House of Lords Committee Calls for More Support for Rural Shops

ACS has welcomed the publication of a new report from the Lords Rural Economy Select Committee which calls for more action to be taken to support rural shops.

The House of Lords Select Committee on the Rural Economy’s Report raises a number of concerns about the way that rural shops and other businesses are disproportionately negatively affected when it comes to policy and provision of services. Recommendations to the Government made in the report include:

  • The Government should develop a rural strategy to provide a strategic vision on challenges facing rural areas, such as digital connectivity and housing affordability
  • All legislation should be brought forward with an accompanying rural assessment statement
  • The Government should review the availability of ATMs in rural areas, particularly the sustainability of current costs for rural businesses hosting them
  • Banks should increase the interchange fees they pay for cash withdrawals through the post office network, which must be passed onto subpostmasters
  • The Government should review the impact of small business and rural rate relief provisions on local shops and rural pubs, noting that they may be providing essential services to the community beyond their primary commercial activity

In evidence submitted to the Committee and included in the Committee’s final report, ACS highlighted barriers facing rural shops such as unreliable connectivity (both mobile and broadband), inequality in the business rates system – especially for forecourt retailers, and the challenges of retaining free to use cash machines in rural areas.

ACS chief executive James Lowman said: “We welcome the Rural Economy Committee’s findings, which highlight the ways in which rural shops are left at a disadvantage compared to their urban and suburban counterparts. There are around 17,000 rural shops in the UK, providing essential services to customers and looking to invest to improve their offer, but they need more support from Government to trade on a level playing field.”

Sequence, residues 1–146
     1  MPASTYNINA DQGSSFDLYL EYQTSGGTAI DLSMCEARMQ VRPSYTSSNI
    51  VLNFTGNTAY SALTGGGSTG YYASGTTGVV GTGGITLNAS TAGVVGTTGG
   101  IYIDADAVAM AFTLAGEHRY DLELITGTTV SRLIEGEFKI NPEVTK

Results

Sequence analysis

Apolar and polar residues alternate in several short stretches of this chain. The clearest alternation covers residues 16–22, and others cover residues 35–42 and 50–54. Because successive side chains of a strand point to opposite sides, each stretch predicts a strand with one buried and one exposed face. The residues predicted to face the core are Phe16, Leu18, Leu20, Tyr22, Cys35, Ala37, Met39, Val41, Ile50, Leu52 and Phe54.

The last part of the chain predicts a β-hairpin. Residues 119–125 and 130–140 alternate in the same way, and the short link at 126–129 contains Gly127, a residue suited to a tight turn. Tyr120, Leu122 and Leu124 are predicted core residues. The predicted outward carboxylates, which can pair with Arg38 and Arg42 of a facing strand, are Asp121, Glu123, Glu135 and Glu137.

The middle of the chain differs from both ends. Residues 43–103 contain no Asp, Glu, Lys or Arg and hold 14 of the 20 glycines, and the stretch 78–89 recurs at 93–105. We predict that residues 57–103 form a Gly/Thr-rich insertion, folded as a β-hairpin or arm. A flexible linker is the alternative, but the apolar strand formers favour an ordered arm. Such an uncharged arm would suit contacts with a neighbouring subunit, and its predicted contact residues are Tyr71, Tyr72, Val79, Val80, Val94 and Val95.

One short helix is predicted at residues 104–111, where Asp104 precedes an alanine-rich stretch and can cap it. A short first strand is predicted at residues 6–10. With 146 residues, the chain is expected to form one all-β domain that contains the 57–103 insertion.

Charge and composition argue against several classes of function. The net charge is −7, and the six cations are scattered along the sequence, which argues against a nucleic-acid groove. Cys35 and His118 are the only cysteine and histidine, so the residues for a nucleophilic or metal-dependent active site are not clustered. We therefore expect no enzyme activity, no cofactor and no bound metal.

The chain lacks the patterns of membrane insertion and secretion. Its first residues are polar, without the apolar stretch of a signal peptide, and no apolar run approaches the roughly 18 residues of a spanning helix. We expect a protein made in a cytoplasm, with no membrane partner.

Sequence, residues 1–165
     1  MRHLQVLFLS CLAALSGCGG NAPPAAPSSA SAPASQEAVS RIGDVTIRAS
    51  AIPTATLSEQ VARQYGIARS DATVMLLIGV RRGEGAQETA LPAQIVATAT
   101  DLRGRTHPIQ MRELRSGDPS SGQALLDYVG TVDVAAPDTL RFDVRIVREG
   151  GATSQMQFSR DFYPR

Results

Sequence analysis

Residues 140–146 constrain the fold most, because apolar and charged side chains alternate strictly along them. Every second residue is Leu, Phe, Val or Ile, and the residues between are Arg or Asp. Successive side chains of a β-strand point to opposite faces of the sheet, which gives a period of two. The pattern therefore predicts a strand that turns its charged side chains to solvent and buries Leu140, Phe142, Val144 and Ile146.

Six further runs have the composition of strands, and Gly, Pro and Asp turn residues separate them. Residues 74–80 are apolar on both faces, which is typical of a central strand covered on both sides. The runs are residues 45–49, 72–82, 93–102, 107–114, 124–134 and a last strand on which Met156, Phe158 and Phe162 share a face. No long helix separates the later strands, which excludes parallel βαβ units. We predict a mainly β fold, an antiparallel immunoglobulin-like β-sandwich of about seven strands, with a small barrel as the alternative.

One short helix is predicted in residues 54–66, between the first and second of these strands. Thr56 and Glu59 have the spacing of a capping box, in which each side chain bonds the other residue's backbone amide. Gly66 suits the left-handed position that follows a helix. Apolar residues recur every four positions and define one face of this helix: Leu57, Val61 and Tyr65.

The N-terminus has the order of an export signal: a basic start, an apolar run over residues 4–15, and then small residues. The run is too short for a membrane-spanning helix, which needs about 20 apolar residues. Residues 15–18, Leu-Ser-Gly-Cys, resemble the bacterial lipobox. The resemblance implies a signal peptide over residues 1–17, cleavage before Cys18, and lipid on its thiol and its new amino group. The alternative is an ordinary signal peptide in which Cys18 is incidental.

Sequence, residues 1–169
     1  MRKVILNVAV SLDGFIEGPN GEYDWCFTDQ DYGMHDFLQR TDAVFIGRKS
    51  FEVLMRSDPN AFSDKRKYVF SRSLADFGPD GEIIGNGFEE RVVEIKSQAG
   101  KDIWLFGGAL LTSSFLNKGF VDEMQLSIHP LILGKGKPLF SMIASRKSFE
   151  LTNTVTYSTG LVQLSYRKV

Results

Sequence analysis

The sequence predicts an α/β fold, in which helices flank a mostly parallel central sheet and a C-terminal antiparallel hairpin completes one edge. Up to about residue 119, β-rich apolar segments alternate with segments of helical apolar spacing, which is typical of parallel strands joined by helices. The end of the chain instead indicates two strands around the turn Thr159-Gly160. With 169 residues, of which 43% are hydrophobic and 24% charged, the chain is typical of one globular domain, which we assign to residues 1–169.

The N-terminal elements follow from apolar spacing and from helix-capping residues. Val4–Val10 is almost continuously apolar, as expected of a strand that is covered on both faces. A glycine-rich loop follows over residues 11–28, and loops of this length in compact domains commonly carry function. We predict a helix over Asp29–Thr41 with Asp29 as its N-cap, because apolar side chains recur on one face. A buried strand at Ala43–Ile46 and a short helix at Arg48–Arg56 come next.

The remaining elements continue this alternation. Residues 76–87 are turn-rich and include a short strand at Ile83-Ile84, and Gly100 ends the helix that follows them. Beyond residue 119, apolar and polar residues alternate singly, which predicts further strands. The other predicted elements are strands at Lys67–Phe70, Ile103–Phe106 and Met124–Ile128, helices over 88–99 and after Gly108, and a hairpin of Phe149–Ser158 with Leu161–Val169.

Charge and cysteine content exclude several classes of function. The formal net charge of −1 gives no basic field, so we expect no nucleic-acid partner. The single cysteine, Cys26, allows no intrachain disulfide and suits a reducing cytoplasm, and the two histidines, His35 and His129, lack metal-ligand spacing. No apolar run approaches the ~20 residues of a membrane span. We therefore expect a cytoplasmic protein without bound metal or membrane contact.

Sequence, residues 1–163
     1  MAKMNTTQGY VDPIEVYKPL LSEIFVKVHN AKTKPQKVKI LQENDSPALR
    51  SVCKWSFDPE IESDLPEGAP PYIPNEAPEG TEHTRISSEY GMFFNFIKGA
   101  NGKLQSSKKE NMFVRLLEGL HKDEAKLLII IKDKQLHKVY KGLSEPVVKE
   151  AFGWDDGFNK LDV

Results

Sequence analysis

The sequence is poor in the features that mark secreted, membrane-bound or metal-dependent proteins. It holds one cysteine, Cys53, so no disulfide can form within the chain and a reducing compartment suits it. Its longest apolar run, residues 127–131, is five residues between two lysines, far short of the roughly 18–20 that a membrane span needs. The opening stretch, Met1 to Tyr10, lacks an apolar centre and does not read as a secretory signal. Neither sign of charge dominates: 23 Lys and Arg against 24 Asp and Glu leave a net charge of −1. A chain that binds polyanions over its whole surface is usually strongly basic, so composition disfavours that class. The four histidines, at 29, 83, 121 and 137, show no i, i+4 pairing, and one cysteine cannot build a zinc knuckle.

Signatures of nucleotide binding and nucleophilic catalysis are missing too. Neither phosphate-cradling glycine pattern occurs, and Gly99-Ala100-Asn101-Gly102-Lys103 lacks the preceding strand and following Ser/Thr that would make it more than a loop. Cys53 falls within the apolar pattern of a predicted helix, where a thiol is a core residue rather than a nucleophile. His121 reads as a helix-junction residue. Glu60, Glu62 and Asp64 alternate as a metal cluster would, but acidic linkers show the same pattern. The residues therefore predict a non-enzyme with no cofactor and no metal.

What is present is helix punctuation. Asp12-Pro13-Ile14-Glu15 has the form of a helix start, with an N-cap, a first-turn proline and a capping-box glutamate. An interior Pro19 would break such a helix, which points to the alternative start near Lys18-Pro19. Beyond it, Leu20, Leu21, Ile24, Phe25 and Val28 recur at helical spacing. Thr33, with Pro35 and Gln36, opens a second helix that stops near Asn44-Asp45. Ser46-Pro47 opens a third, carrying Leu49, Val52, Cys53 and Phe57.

ACS evidence is cited in the following sections of the Rural Economy Committee Report:

Page 83, section 282: “The Association of Convenience Stores cited the results of its Voice of Local Shops Survey in February 2018 which found that “31 per cent of convenience retailers still find that poor mobile phone coverage is making it difficult or causing delays to completing tasks in the business, disproportionately impacting retailers in rural locations.”

Page 130, section 502: “The Association of Convenience Stores expressed concern about the calculation of rateable value for convenience stores attached to rural petrol forecourts. Convenience stores operating on a forecourt face a rateable value calculation are based on turnover. This compares to other convenience stores whose rateable value is calculated on the size of the premises, in the same way as other business premises. The Association told us that this made rateable values significantly higher for convenience stores attached to petrol forecourts compared to other stores.”

Page 134, section 518: “Bank closures have also meant the loss of ATMs in rural areas. In some cases, rural shops have filled this gap with 44 per cent of rural shops providing a free to use cash machine. However the Association of Convenience Stores explained to us that reductions to interchange fees (from 25 cents to 23.75 cents in July 2018 and to 22.5 cents on 1 January 2019), servicing costs, cash replenishment, business rates and other expenses around maintaining a cash machine, undermine their commercial viability.”

This entry was posted by Chris on Sat, 27/04/2019 - 01:08